Dennis Skinner voted off Labour Party's governing body

The Beast of Bolsover's removal sparked heavy criticism from some supporters and regret by one member of the shadow cabinet

Veteran left-winger Dennis Skinner has been voted off the Labour Party's governing body by his fellow parliamentarians - to the fury of colleagues who said it showed some Labour MPs were “distant from reality” and out of touch with the electorate.

The 82-year-old, nicknamed “The Beast of Bolsover” because of his sharp-tongued and outspoken approach to politics, lost his place on the National Executive Committee (NEC) to former minister John Healey in a ballot of the Parliamentary Labour Party.

His removal sparked heavy criticism from some supporters and regret by one member of the shadow cabinet.

Shadow international development minister Jim Murphy wrote on Twitter: “Really sorry to hear that Dennis Skinner was voted off Labour's NEC today.

“A brilliant MP & good friend. Hopefully he'll make NEC comeback.”

The Paisley MP, Jim Sheridan, said the Labour Party had “lost a powerful voice for the working classes at the heart of the Party. A sad day for Labour.”

Shadow Cabinet Office minister Jon Ashworth -  a member of the NEC - posted: “So sorry that Dennis Skinner (who I voted for) not re elected. He will be a big loss.”

There was also strong criticism from MPs John Mann and John McDonnell.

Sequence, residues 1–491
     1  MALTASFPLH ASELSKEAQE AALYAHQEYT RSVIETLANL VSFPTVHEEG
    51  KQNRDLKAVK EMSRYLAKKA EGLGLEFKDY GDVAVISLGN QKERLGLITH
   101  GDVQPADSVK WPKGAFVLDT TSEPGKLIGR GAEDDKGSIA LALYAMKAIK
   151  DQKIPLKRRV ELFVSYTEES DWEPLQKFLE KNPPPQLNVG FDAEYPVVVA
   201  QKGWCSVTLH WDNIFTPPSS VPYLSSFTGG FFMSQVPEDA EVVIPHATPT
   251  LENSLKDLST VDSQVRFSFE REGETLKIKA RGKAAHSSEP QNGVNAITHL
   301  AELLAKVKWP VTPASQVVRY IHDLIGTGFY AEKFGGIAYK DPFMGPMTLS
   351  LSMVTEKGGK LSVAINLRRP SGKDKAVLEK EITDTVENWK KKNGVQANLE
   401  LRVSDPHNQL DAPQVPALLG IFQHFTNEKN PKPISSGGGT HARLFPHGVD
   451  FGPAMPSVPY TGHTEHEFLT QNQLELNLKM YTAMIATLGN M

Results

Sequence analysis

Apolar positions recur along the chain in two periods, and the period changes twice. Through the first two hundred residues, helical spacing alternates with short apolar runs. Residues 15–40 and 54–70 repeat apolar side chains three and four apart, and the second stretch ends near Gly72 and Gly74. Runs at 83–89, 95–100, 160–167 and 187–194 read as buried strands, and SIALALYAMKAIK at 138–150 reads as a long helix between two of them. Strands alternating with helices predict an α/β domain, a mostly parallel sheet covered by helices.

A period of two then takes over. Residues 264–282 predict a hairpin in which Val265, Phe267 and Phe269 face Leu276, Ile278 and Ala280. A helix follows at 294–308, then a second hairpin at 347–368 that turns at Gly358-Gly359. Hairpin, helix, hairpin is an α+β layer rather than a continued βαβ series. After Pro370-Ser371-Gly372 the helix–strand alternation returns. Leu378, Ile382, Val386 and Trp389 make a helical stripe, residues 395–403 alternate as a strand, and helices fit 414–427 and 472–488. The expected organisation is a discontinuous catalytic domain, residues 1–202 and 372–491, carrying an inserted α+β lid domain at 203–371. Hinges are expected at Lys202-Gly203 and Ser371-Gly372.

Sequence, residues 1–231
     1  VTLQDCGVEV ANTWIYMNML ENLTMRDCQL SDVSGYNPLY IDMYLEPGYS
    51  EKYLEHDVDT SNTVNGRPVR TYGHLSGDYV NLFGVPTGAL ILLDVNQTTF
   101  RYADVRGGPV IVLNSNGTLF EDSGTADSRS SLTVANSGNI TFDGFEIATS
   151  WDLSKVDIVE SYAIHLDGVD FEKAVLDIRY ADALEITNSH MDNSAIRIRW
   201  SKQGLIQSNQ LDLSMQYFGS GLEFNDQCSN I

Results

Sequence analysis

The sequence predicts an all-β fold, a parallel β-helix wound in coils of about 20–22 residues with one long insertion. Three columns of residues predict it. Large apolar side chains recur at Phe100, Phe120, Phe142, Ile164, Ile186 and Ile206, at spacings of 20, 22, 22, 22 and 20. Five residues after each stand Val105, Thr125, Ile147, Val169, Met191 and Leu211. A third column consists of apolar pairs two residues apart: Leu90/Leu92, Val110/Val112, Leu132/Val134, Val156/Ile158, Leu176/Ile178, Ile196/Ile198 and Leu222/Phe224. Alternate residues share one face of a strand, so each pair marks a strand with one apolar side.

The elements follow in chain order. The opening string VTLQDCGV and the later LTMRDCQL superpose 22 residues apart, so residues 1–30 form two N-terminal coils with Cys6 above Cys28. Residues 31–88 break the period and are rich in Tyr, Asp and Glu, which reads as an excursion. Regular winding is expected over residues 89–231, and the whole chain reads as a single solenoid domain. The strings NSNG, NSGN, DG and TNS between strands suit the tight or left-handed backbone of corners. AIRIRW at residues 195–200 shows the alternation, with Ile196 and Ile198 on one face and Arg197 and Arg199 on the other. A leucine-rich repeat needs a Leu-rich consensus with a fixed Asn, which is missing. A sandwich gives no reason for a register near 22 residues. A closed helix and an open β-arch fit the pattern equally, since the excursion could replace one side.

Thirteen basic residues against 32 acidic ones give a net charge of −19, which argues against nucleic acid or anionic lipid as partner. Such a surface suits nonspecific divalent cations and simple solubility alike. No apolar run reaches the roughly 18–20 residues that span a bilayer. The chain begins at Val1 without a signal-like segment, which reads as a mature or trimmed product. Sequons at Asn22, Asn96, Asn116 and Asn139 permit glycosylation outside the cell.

Mr Mann said: “Naive political immaturity in Parliamentary Labour Party in knocking Dennis Skinner off NEC in election year.” 

Mr McDonnell said the vote was a “sign of how distant from reality and from the views of our members some of them (Labour MPs) are”.

He added: “I pay tribute to Dennis Skinner for the work he has done over decades as the voice of the working class left on Labour's NEC. Comrade & hero.”

The vote came only hours after Mr Skinner - a former miner who has been MP for Bolsover, Derbyshire since 1970 - made a characteristically pithy attack on David Cameron at Prime Minister's Questions in the Commons.

Accusing the PM of presiding over the “wreckage” of the NHS, he told him: “Get it done, or get out.”

The office of Labour leader Ed Miliband dismissed suggestions that Mr Skinner had been the victim of an organised campaign by the leadership.

“It is a matter for the PLP,” a spokesman said. “It was a PLP-run election.”